If you have ever driven along Highway 108 in Riverbank there is a curve where the road turns into Callander Avenue, adjacent to St. Frances of Rome Catholic Church, in a pedestrian-heavy area. Though the posted speed limit is 25 miles per hour, the roadway there has been cause for concern for safety by many residents in the area and parishioners at St. Frances of Rome Church for the past few years. These concerned citizens had their voices heard at a meeting held last week between the City of Riverbank and Caltrans District 10.
Caltrans owns the property in question so Dennis Agar, District 10 Director; Lawrence Hernandez, Senior Transportation Engineer and Herby Lissade, Deputy Director Maintenance and Operations District 10 along with Riverbank city staff, Mayor Richard O’Brien, and Councilmember Darlene Barber-Martinez were on hand to listen to the community’s concerns. It was a regularly scheduled City-Caltrans session, held quarterly.
“The meeting at the City Council Chambers came about from a group of concerned citizens that asked to meet with me regarding unsafe conditions for the parishioners that attend St. Frances of Rome,” said Barber-Martinez. “The concerns were from the heavy traffic on the road in front of the church. As stated, there are thousands of people that attend Mass, catechism and other events at the church.”
The City Council Chambers were filled with several people from the community attending the meeting, including St. Frances of Rome Pastor Misael Avila, who originally voiced the concerns that prompted the discussion.
Community members very peacefully spoke about their concerns and thanked the officials attending for taking the time to listen to them.
“Comments from the community were spot-on,” stated O’Brien. “Caltrans is aware of it and until the meeting it was not their top priority. They may shift from First Street to Callander or they may be able to do both efforts at once.
“If you heard the discussion afterwards, we are looking for grants from federal monies to assist Caltrans and the city in doing repairs on Callander and also on Patterson Road.”
For the past two and a half years Caltrans District 10 has met with city staff and council on a quarterly basis, according to O’Brien, where agreements on various maintenance and cleanup efforts have been assessed by both parties.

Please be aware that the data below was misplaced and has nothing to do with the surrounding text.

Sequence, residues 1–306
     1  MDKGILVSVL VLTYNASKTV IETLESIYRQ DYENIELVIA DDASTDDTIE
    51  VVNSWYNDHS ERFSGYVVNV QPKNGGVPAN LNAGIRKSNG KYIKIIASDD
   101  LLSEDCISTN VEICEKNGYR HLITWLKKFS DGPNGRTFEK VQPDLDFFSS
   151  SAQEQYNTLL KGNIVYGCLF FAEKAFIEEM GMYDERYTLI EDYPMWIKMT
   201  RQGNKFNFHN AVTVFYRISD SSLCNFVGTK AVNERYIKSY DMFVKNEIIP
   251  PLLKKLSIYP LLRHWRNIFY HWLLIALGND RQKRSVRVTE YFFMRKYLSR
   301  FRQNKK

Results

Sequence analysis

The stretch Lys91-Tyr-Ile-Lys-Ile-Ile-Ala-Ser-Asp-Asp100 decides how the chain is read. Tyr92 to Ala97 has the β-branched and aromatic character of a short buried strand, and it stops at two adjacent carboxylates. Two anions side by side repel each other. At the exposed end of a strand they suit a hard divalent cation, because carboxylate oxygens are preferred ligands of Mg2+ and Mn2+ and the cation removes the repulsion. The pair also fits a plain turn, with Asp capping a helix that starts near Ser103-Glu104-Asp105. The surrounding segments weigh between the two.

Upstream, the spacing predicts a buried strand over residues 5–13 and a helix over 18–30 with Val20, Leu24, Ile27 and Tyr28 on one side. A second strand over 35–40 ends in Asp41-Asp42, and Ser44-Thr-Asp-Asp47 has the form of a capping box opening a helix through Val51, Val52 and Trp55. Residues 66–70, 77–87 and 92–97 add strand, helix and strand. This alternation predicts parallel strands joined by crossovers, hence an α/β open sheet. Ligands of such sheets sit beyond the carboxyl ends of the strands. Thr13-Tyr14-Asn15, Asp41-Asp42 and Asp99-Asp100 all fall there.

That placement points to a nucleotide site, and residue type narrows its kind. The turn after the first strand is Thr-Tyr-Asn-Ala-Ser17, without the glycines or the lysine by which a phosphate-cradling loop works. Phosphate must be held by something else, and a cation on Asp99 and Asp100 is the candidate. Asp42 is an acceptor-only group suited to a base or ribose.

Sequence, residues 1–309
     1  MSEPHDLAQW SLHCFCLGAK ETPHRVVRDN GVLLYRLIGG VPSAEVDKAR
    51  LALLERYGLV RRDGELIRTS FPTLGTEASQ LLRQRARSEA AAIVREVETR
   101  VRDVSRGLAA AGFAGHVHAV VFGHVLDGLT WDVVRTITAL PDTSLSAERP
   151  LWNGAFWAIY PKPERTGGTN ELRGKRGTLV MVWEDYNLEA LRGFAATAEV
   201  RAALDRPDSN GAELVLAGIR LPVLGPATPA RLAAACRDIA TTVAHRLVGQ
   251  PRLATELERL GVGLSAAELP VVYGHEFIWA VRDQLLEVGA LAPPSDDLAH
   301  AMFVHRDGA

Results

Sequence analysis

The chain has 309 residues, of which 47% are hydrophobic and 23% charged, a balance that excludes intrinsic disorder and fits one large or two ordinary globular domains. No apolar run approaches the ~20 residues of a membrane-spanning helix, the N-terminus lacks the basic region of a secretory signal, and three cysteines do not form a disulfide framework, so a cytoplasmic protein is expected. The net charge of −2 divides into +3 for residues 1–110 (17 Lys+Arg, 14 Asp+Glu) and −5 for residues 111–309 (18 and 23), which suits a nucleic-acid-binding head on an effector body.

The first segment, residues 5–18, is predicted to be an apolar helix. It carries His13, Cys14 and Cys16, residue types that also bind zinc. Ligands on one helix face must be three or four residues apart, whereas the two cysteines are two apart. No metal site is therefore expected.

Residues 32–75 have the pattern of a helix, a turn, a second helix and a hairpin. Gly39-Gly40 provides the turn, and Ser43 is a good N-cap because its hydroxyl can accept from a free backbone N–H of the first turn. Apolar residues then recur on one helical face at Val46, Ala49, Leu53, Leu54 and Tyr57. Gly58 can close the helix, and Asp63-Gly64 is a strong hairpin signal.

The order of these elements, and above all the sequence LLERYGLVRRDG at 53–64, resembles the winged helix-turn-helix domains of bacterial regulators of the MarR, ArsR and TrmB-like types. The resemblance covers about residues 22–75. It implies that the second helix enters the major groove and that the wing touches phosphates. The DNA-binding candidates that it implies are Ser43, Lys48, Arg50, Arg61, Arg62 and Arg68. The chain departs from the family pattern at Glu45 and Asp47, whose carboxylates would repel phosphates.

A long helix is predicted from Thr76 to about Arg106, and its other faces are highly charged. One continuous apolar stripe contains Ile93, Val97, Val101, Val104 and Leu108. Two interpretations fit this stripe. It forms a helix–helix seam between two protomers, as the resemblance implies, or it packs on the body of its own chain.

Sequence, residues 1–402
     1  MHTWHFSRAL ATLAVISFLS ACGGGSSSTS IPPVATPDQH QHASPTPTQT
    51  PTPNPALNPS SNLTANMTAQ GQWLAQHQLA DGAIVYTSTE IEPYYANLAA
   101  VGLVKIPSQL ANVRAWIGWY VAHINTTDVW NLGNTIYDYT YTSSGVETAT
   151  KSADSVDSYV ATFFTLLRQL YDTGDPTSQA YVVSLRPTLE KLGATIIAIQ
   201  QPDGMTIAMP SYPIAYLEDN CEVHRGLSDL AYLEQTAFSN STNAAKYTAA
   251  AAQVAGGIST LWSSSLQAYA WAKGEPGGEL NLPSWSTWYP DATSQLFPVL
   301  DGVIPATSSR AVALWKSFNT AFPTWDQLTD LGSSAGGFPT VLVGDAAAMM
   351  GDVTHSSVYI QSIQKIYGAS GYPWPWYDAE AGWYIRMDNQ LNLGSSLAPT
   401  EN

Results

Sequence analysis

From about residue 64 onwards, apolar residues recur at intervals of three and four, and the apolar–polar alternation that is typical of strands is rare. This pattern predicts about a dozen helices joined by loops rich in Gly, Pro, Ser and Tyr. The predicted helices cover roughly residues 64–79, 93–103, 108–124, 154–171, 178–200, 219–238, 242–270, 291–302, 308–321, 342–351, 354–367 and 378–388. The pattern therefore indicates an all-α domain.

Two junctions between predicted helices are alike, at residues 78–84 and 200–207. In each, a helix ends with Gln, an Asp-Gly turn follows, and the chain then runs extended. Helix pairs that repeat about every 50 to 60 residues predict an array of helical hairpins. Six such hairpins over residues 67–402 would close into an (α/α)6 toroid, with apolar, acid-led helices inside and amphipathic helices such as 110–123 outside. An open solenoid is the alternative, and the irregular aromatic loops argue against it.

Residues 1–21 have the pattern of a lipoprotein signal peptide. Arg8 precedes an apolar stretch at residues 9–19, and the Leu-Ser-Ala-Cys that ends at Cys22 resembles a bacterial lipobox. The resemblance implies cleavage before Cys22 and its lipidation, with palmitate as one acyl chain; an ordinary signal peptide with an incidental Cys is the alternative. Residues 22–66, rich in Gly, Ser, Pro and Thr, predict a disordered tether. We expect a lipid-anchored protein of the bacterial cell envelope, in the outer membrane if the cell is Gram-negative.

“Caltrans has been working on 108 at Oakdale and Patterson Road where fatalities have happened,” added O’Brien. “They are looking very seriously at First Street where fatalities have happened.
“Callander Avenue has not seen any significant accidents in the last 10 years but Caltrans has looked at Callander and (is) looking at ways to improve and upgrade that stretch of the road.”
There were members of the community that expressed they have witnessed several close calls where people could have been injured including the elderly and children.
The parking lot is not a problem but some people stated that coming into the church or getting out of the church can be troublesome, due to the volume of traffic and speeds that they go.
Riverbank resident Scott McRitchie is with St. Vincent de Paul, which uses a couple rooms from St. Frances of Rome to feed the needy twice a week, an effort that includes seniors, disabled, or people in need.
“I would like to see sidewalks along 108 and a crosswalk at Topeka and Callander lighted at Topeka like those near schools, plus a sign at the curve ‘Pedestrian Crossing’ activated by a push button activated by the pedestrian,” stated McRitchie. “It probably won’t come to pass and a crossing will be installed at either Santa Fe, or Stanislaus, which will give cars more time to react.
“The only problem with that is, people from the trailer park, cabins, etc., won’t walk that far and then lug groceries back again, given their physical condition.”
Development Services Administration Manager Kathleen Cleek talked to Caltrans in May and they discussed putting the crosswalk on Stanislaus Street or Santa Fe Street due to the ability for the driver to see it and have time to stop since drivers would be coming out of a blind turn.
“They are in the process of studying that right now and they told me that it would probably take four to five months,” said Cleek.
Caltrans will be conducting a traffic study including pedestrians and vehicles on the streets discussed.
Another topic that was discussed was a need for sidewalks in front of the church. There were 702 signatures forwarded to Caltrans from the community to show their support for sidewalks in that area.
“I was impressed that the community came together and gave their presentation,” noted Barber-Martinez. “The visual aids helped all to see exactly the location, the issues, and the concerns. I’m glad to see we as a city can work together with our citizens to better our community.”
Mayor O’Brien said the Caltrans District 10 team has been “very responsive” to city concerns.
“They are very meticulous and it will take time,” he noted. “You may have heard of the sidewalk that is being put in along 108 in front of the mobile home park just north of O’Brien’s Market. That has taken quite a bit of time to get it into the Caltrans cycle of construction. This may be sped up on the calendar but it still will take time and the outcome will be for safety.”